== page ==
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September 18, 2017
Review: ‘Nick and Zoe’ and ‘Sad Indie Love Song’ at NY Fridge Fest
Photo credit: Charlotte Arnoux

Missing the New York International Fringe Festival this year? Hungry for great off-off Broadway theatre? No worries, The Arctic Group at the IRT Theatre has plenty of food for thought at NY Fridge Fest, with ten playwrights, five different programs of play offerings and one onstage refrigerator in each play to tie the festival together with imaginative and compelling plays to satiate your appetite. Complex enough for you? Chris Jones, the chief theatre critic for the Chicago Tribune, lists “complexity” as one of his must haves for enjoying a night at the theatre. It’s a daring idea, to ask more of the theatre than we sometimes ask of our own lives. But Jones is on to something, I think.

In Daniel Talbott’s play Nick and Zoe (the first offering of Show Block B at Fridge Fest) we experience the most divine complexity on earth, the complexity of love and truth. Or should I say, love versus truth? Talbott’s taut, sensual play has all the elements of a great tragedy: a hero (played with dangerously compelling emotional depth and physical prowess by Will Pullen) a femme fatale (deceptively coy, the stunning Erica Pappas breaks our hearts) and a villain (I won’t give this part away). Shira-Lee Shalit’s direction is perfectly on point throughout the 50-minute sparring match. She is one of the jewels of New York theatre, as her work reveals, and it glows here with Talbott’s heart-pounding two-hander. Sets and costumes by Raul Abrego and Tristan Raines, respectively, set the tone for this haunting work; and special kudos to David Anzuelo for his excellent fight choreography.

Sad Indie Love Song (the second offering of Show Block B) was also a tasty treat. Written with enigmatic wit by Steve McMahon, we are witnessing a somewhat avant-garde telling of a relationship in distress. With intriguing choreography and direction by Benjamin Viertel, the refrigerator spews the cast from its amber depths, a womb-like specter to the evening’s mysterious proceedings. Chris (handsomely played with a vulnerable charm by Declan Maloney Drummond) is having relationship problems with his partner Kat. Kat is played by two women, Natalie Donahue McMahon (our sex-kitten for the evening, she’s delightful and effortless in the role) and Shawna Wigney (whose unhappiness in the relationship gives us some of the more complex acting choices of the evening). It’s a deliberately off-beat play, we are not ever certain if Kat (or Cat) is, well, Chris’s cat, wife, mother, girlfriend, or all of the women in his life. Mr. McMahon leaves us to ponder all of this and it’s a very compelling conundrum.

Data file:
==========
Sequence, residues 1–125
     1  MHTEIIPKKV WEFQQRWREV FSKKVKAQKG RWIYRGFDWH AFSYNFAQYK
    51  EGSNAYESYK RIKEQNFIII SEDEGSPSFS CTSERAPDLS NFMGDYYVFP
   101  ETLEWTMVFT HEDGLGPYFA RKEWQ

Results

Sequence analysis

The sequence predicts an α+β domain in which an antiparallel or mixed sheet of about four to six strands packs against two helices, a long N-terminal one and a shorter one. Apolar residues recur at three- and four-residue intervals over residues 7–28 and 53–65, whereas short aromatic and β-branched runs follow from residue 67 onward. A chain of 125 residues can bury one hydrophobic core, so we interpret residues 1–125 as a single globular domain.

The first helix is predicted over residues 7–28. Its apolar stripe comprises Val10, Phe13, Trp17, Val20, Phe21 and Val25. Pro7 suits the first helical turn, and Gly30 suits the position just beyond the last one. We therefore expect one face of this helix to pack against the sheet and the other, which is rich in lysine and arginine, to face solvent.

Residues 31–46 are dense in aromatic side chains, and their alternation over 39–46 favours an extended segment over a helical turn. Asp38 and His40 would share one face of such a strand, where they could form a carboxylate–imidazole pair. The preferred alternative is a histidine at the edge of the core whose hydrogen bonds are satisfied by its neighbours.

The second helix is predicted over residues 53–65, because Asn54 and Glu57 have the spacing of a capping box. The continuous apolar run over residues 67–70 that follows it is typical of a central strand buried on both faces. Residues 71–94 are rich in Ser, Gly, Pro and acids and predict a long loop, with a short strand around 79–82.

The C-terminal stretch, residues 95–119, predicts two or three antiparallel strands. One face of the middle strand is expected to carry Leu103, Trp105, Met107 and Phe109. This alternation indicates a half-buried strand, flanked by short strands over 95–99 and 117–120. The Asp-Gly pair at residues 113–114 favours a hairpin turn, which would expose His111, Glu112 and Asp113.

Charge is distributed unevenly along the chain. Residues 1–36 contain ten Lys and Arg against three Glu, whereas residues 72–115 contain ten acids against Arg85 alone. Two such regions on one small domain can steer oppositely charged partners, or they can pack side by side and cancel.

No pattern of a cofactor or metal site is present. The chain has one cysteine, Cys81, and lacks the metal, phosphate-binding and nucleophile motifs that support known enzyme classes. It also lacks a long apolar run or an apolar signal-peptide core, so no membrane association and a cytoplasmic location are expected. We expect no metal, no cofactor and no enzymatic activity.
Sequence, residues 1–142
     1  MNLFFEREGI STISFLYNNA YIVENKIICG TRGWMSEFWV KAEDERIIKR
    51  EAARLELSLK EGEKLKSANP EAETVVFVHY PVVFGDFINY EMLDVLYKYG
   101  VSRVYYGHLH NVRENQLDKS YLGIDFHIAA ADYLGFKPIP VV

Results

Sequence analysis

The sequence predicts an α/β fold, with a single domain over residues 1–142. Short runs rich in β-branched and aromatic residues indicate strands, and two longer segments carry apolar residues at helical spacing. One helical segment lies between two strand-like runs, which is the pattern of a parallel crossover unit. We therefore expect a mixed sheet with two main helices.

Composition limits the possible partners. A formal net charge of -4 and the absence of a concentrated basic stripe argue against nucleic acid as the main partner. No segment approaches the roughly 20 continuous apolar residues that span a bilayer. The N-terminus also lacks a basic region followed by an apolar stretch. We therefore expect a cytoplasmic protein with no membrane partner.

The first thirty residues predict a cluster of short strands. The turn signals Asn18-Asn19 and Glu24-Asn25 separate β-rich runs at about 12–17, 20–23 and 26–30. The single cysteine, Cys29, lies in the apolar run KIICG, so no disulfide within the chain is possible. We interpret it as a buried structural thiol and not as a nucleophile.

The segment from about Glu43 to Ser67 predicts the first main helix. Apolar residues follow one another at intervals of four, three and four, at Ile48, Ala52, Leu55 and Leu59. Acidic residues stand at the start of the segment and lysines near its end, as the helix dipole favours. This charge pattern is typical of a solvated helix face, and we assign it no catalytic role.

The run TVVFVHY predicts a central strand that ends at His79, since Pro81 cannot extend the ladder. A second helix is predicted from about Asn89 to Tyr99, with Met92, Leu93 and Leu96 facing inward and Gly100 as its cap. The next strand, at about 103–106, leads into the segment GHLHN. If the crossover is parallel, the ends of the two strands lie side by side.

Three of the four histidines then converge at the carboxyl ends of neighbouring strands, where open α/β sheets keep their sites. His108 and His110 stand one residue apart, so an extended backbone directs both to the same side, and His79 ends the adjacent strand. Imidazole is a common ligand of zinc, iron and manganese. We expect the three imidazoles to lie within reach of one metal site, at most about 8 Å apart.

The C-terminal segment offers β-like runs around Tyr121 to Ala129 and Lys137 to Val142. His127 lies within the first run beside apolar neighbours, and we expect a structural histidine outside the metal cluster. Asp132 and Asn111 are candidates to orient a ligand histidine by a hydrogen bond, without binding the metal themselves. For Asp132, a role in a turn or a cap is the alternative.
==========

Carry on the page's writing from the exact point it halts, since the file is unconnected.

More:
Fridge Fest is a response to “a Fringe-NYC-less Summer” and it’s a hit all around. Sold out performances (get on the wait list, they’ll make room!) allow theatre-goers to bring dry and canned goods to distribute to City Harvest. Check out the website, I saw Show Block B, but they have Block C, D, and E left with plenty of fine dishes left in the fridge for you to savor.

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Q&A: Daniel Talbott and Steve McMahon on Taking Part in the Inaugural NY FRIDGE Fest

By Hanna Oldsman

In a FringeNYC-less summer, other theater festivals promoting the work of up-and-coming artists are taking the lead, including the Ice Factory Festival at New Ohio, Broadway Bound Theatre Festival at the Theater at the 14th St. Y, and the Corkscrew Theater Festival at the Paradise Factory. Among them is the NY Fridge Fest, a brand-new festival of multidisciplinary work at IRT. All genres are welcome, there’s just one catch: every work must feature a fridge. Presented by The Arctic Group, the festival runs August 31 through September 10; half of the performances are “Fill Our Fridge” nights, on which tickets can be purchased with non-perishable goods instead of money. We spoke with playwrights Daniel Talbott and Steve McMahon, whose plays will be performed on the same program, about participating in the festival’s inaugural season. Daniel Talbott, Nick and Zoe Tell us about your show! At its heart the play’s about class and sex. About being poor and welcomed into a place that you’ll never really feel you fully belong. It’s about love. The kind of love that swims in your blood and digs into your bones and muscles. It becomes a part of you and you’ll do almost anything not to lose it. …Read more

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Written by: Bill Crouch
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